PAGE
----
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News, City Council, Santa Monica, Housing

Modified Ordinance Aims To Increase Santa Monica Housing Affordability

Posted Mar. 13, 2013, 9:23 am

Parimal M. Rohit / Staff Writer

A modified ordinance that could make it easier for developers to move through the approval process was officially put on the books last month.

The Santa Monica City Council officially approved an ordinance giving developers a fast track to an administrative approval in exchange for building more affordable units.

The ordinance modification cleared its second reading at the council’s Feb. 26 meeting; two weeks earlier, four out of five council members present voted in favor of the ordinance. Council member Bob Holbrook was the sole nay vote.

During the Feb. 12 council meeting Council member Kevin McKeown said the spirit of allowing developers the shortest time possible from proposal to construction was to give them an incentive to provide as much affordable housing as possible “without giving the farm away.”

“The goal of this is to produce affordable housing,” Council member Gleam Davis added.

Indeed, the modified ordinance calls for any developer seeking to build a project in Santa Monica of 50 or fewer units to be exempted from council approval if 25 percent of the units were reserved for prospective tenants earning no more than 60 percent of the area median income, or AMI.

Accordingly, if at least 13 units of a proposed 50-unit project would be available to tenants who earn 60 percent or less than the AMI of the surrounding area, the developer would not have to approach council members for a development agreement. Instead, the developer would be able to obtain an administrative approval, which is basically a green light from city planners.

Prior to the modification of the ordinance, developers of projects of 50 or fewer units could have bypassed the city council if all of the units were available to tenants earning 80 percent of AMI.

“The proposed modification is intended to provide a greater mix in housing affordability levels and addresses the City’s need for low, very low and extremely low affordable housing units,” City staff stated.

Under the newly modified ordinance, City staff added “units serving moderate income households would be limited to 75 percent of the total mix.”

A moderate income household is one earning no more than 80 percent of AMI.

The modified ordinance retroactively took effect for all projects that had not received administrative approvals before Jan. 8. Accordingly, five proposed projects on the development agreement docket would be affected by the ordinance modification.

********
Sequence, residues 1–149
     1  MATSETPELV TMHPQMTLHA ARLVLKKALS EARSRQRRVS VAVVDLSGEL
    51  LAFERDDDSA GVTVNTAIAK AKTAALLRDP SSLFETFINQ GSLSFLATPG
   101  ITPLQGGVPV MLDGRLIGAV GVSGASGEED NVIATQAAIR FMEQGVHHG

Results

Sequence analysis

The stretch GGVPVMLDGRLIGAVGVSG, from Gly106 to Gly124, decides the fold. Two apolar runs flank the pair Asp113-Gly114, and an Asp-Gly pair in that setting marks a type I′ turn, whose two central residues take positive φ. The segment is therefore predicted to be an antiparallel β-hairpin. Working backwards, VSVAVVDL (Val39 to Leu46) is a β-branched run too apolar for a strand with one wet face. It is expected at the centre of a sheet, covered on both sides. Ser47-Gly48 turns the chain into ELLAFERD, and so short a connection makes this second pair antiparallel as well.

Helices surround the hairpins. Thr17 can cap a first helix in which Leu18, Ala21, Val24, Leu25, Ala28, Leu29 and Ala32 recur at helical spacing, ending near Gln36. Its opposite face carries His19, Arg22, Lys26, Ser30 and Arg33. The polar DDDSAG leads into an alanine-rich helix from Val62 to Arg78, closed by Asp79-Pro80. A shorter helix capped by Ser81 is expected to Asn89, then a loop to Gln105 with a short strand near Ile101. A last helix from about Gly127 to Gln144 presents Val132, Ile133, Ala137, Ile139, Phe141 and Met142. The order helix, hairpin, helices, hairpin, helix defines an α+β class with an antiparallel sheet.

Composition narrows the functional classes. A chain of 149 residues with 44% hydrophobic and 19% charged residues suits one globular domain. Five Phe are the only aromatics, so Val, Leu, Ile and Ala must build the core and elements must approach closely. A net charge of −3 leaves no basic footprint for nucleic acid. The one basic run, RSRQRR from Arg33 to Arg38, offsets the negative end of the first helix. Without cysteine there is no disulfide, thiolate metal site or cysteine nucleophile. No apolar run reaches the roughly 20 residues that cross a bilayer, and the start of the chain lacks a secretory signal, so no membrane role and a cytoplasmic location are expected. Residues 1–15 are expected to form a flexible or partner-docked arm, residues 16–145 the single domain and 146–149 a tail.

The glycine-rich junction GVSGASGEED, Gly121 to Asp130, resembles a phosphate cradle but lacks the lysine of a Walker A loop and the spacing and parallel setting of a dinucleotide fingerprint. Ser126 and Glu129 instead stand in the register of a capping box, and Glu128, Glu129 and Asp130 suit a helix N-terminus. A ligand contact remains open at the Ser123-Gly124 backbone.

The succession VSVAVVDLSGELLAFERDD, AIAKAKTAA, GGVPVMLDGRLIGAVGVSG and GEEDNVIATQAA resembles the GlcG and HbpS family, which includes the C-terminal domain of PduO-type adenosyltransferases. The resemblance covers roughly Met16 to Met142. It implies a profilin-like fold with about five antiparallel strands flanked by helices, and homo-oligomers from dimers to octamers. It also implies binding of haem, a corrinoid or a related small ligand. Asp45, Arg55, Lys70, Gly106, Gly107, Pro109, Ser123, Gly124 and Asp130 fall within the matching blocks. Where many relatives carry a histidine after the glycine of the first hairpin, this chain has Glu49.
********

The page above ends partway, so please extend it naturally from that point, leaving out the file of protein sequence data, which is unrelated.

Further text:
City Hall and the council sought to find ways to maintain affordable housing within Santa Monica after the loss of redevelopment funds.

“Offering administrative approval is a valuable tool for the City to achieve desired housing goals,” City staff said. “With the loss of Redevelopment funds previously used toward the creation of affordable housing, it is critical that the City find alternative ways to address the housing needs of low income individuals and families.”

City staff added, “The incentive to create moderate-income affordable housing units has been effective. However, it is important that the City’s housing stock continue to offer a mix in housing affordability levels.”

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Mar. 13, 2013, 10:54:01 am

Dee said...

I would like to understand what the formula is for 'affordability'....when one of my children was looking for an apartment in Santa Monica, the income limit for a $1620/month apartment was $49k a year. However, using standard (generous-not the old 1/4) rules of affordability--1/3 of gross income on housing, 49k a year could afford around $1350/month. So, the city is, in reality, suggesting that people pay 40% of gross income.. The whole thing is so skewed. Wouldn't it be better to let market forces work and stop the way we do Rent Control, which forces landlords to raise the rents on vacated apartments to make some sort of sense when other people in the building pay artificially low rents. For example, a building may have 1 unit renting for $300/month and another for $2400. Market rent for the unit might really be $1400, Then, if the person paying $300 can only afford (using standard affordability charts) $500 in rent, then that person could be subsidized through a public program.

Mar. 13, 2013, 6:00:27 pm

Truth said...

What they mean to say is affordable for rich people. The city councilors always have a hand open for developer bribe money. That's how bizness gets done in this down. Look around you. Nothing but congestion and construction. They will stop at nothing as long as the money flows into their pockets.

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